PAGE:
Calculating worth

Colleen might not be back yet, but that’s not a reason to shirk. An etheree, because she likes us to keep counting syllables. Short enough maybe for the NaPoWriMo prompt too.


They say there is no value in grass or

ditches running with bright rain water;

the sun, the sky, the lark singing

cannot be owned. Yet at the

end, when the last dark falls,

the nightingale’s song,

sweet stream pouring,

will be worth

more than




Snatching a few minutes here and there, I haven’t worked out what the NaPoWriMo prompt wants, so I’ve attempted a translation of the Baudelaire given as an example.


Be still my sorrow; let your disquiet sleep.

You asked for eventide to fall, it’s here,

Enveloping this town in darkness deep,

Bringing peace to some, to others fear.


While the common mortal herd at leisure

Gathers regrets, picked from festive debris,

Driven on by the task master, pleasure,

We stay aloof, pain, come, give your hand to me.


On heaven’s balcony, see dead years drape

Their shabby antiquated crepe;

Regret rise from the ocean depths profound;


The dying sun asleep beneath an arch,

And like a long shroud trailing in the east, the sound

You hear, my love, is of the sweet night’s march.

Upon a poem

For the NaPoWriMo prompt.


When we write a thing

of joy or grief

a falling leaf

an absence beneath

the roof

the way the light plays

on still water and water rippling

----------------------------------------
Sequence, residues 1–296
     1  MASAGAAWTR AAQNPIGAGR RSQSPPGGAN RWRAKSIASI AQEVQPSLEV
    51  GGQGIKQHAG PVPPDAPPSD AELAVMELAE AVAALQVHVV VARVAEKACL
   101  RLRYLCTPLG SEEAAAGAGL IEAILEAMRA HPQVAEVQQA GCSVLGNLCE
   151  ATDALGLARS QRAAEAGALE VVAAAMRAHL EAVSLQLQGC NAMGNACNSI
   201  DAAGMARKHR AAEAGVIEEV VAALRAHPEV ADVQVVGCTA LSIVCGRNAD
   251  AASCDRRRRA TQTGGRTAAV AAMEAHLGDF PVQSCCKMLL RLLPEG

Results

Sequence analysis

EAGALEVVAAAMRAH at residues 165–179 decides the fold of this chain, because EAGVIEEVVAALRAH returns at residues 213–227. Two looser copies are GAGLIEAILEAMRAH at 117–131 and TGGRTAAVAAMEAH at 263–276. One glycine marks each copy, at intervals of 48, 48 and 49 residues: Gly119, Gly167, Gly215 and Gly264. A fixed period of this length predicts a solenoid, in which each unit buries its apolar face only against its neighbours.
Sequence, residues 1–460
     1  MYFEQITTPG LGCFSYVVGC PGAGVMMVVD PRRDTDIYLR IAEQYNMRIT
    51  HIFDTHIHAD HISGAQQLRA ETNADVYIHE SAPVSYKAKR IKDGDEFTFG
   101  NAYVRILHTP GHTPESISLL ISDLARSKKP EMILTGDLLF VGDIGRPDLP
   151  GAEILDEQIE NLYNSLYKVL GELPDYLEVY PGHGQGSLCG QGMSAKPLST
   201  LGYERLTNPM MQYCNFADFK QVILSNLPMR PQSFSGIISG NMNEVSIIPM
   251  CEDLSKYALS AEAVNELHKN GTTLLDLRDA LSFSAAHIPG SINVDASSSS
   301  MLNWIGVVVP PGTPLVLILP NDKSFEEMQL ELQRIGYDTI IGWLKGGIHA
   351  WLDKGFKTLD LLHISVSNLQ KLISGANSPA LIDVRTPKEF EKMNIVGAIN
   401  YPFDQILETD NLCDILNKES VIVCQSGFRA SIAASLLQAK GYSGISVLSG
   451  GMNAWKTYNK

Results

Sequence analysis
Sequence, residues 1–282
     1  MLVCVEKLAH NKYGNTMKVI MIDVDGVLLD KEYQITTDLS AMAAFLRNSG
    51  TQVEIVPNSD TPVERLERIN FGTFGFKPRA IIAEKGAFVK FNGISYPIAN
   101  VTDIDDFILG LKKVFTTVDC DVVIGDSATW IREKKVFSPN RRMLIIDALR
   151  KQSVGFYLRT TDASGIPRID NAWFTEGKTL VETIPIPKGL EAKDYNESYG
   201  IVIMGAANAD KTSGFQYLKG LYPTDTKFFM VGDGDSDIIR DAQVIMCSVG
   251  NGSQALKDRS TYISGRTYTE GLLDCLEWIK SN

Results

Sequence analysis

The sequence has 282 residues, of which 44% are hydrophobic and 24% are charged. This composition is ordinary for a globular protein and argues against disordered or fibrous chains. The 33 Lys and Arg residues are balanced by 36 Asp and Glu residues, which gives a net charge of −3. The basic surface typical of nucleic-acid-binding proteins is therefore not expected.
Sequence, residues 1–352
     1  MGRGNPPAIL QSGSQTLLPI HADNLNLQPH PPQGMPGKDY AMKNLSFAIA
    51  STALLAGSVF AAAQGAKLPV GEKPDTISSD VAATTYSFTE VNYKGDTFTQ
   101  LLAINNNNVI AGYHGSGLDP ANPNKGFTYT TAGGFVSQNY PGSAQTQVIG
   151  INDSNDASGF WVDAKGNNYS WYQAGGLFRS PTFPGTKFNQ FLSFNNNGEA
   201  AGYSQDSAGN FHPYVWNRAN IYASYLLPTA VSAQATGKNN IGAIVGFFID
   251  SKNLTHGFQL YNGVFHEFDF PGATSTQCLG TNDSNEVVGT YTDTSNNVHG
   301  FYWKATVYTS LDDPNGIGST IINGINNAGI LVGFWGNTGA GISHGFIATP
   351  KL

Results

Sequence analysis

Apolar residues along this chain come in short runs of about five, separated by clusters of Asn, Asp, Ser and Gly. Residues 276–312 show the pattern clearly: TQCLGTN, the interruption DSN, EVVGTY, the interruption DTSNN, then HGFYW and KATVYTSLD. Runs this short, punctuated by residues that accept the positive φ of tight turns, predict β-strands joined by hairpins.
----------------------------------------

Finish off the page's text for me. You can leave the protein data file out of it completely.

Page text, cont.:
or the slashed

cross-hatched rain

across the window again

when we write the words of you and me


the cat lying in the sun

an unknown whose life is done

when we write the song of birds

and lamentations near and far

they are


Lilies and…

For the NaPoWriMo prompt, with apologies to Shakespeare and thanks for the loan of Sonnet 94.


I’ll not compare you to an evening sky,

Shot full of rainbows melting with the light,

A shadow only in the mem’ry’s eye,

When all is swallowed by the hungry night.

High praises are not what your ego lacks,

Your self-opinion soars with eagle’s wings,

Oblivious to any flaws and cracks,

A drab it preens, and as the peacock sings.

To compare you thus is hardly fair to birds,

Birdsong is sweet to hear and full of grace,

Unlike the fatuous flow of hollow words

From that blowhole in the middle of your face.

Give me a simple posy and staunch deeds;

Lilies that fester smell far worse than weeds.

We toss roses in the river

A poem using repetition for the NaPoWriMo prompt. A cascade.


We toss roses in the river,

Running to the sea,

And it leaves us both behind, you and me.


With its cargo of dead litter,

Scented sweet and tasting bitter,

We toss roses in the river.


Once we laughed like children,

Digging castles wild and free, we went

Running to the sea.


Time’s relentless, rolling river

Has love’s cargo to deliver,

But it leaves us both behind, you and me


I’ve been working on this poem for a few days. Seems like a good moment to post it. For the NaPoWriMo pastoral prompt.


We walk in the dark of the wind-rushy trees,

listening to their wind-rushy voices,

solemn and wise and old as the earth,

silencing birdsong and furtive rustlings

from woods, hedges, field edges

and sleeping gardens.

Hands touch, but can they hold it back,

the something, pale blue and shimmering,

that seemed to fade in the dusk?

Wind rushes, rolling the perfume of lilac along the lane,

playing the woodwind of rose and oriole,

bowling garlic flower notes against the dark.

Wind ruffles flowerheads with gentle hand,

my face, sharper, imperious—listen, feel—

then suddenly the stream,

banked in heavy scents of wet earth,

edged in elm and elder,